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Lesson learned from a recent disciplinary action by SFC – Don’t go too far in facilitating a share offer


This client alert discusses a recent disciplinary action taken by the Securities and Futures Commission (SFC) against ICBC International Capital Limited (ICBCI Capital) and ICBC International Securities Limited (ICBCI Securities) (collectively, ICBCI) for their failures in their roles in the initial public offering of Powerlong Real Estate Holdings Limited (Powerlong) in 2009.

Background facts

ICBCI Capital was one of the joint sponsors and bookrunners, and ICBCI Securities was one of the joint lead managers, in the listing of Powerlong in 2009. The other joint sponsors, bookrunners and lead managers included Macquarie Capital Securities Limited (which is also the sole global coordinator) and Goldman Sachs (Asia) L.L.C..

Powerlong’s IPO price was originally set in an indicative range of HK$3.3 to HK$4.9 per offer share, but due to insufficient demand, it lowered the price to HK$2.75.

The SFC investigated into the process adopted by ICBCI in underwriting Powerlong’s IPO following an anonymous complaint which alleged that ICBCI Securities procured nominee accounts to subscribe for Powerlong’s offer shares and that such subscriptions were financed by Powerlong.

The Placing Guidelines set out in Appendix 6 to the Rules (Listing Rules) Governing the Listing of Securities on The Stock Exchange of Hong Kong Limited (Stock Exchange) provide, among other things, that no allocation will be permitted to directors or existing shareholders of the applicant or their associates, whether in their own names or through nominees. As a lead manager, ICBCI Securities was required under Listing Rule 9.11(35) to submit to the Stock Exchange a “Marketing Statement” (Form D), in which it was required to certify that to the best of its knowledge and belief, none of the securities placed by it had been placed with the directors of the issuer or their associates or any existing shareholder of the issuer or any nominee of any of the foregoing.

As a sponsor, ICBCI Capital was required under Listing Rule 9.11(36) to submit to the Stock Exchange a “Sponsor’s Declaration” (Form E), in which it was required to declare to the best of its knowledge and belief having made all reasonable enquiries that 25% of the total issued share capital of the applicant had been placed or would be held in the hands of the public in accordance with Listing Rule 8.08 at the time of listing.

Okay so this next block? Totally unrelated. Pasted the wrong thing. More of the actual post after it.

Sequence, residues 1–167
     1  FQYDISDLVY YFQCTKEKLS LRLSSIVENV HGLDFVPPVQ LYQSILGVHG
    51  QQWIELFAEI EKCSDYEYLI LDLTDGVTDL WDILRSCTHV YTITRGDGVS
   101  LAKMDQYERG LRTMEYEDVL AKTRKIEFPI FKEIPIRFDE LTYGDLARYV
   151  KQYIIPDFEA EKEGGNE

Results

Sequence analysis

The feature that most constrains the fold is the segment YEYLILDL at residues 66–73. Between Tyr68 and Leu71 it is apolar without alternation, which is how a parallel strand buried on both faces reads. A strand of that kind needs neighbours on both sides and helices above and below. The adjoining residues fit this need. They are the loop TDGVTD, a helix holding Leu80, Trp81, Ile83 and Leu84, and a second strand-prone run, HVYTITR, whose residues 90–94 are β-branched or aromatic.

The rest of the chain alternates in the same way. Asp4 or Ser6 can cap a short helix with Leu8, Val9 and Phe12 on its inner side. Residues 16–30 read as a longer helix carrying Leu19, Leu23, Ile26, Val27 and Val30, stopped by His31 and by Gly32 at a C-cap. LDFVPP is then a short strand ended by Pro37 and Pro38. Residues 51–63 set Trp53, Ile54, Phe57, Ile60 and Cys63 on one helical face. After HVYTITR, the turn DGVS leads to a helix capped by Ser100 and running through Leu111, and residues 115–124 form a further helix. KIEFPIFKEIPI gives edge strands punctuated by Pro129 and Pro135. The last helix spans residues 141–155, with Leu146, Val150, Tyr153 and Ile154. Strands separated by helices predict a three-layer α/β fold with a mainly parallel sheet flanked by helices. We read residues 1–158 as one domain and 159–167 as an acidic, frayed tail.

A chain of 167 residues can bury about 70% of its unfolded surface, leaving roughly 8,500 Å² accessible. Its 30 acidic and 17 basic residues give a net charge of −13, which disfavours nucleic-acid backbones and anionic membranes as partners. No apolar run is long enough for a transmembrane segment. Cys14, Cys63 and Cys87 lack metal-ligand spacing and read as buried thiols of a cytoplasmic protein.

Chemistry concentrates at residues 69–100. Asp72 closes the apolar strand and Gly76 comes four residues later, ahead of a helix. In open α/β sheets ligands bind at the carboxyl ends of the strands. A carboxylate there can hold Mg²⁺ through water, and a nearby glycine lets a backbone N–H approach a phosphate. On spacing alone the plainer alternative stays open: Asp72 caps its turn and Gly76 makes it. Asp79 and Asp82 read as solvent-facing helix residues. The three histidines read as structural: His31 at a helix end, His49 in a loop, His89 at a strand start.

Relevant regulatory requirements

The principal regulatory requirements that ICBCI were found to be in breach of include:

  • General Principle 2 of the Code of Conduct for Persons Licensed by or Registered with the Securities and Futures Commission (Code of Conduct) – In conducting its business activities, a licensed or registered person should act with due skill, care and diligence, in the best interests of its clients and the integrity of the market
  • General Principle 4 of the Code of Conduct – A licensed or registered person should seek from its clients information about their financial situation, investment experience and investment objectives relevant to the services to be provided.

Breaches revealed by SFC’s investigation

  • ICBCI Securities failed to conduct know-your-client (KYC) checks of placees– Some of the placees (Placees) were friends and families introduced by Powerlong. ICBCI Securities considered that ICBCI Capital should have been satisfied with the background of such Placees before referring them to ICBCI Securities, while ICBCI Capital considered that it was ICBCI Securities’ responsibility to fulfil the KYC requirements. Further, none of the responsible account executives of ICBCI Securities were aware of either the regulatory requirements or the requirements set out in ICBCI’s compliance manual requiring them to obtain clients information about their financial situation, investment experience and investment objectives. As a result, no KYC checks of the Placees were conducted.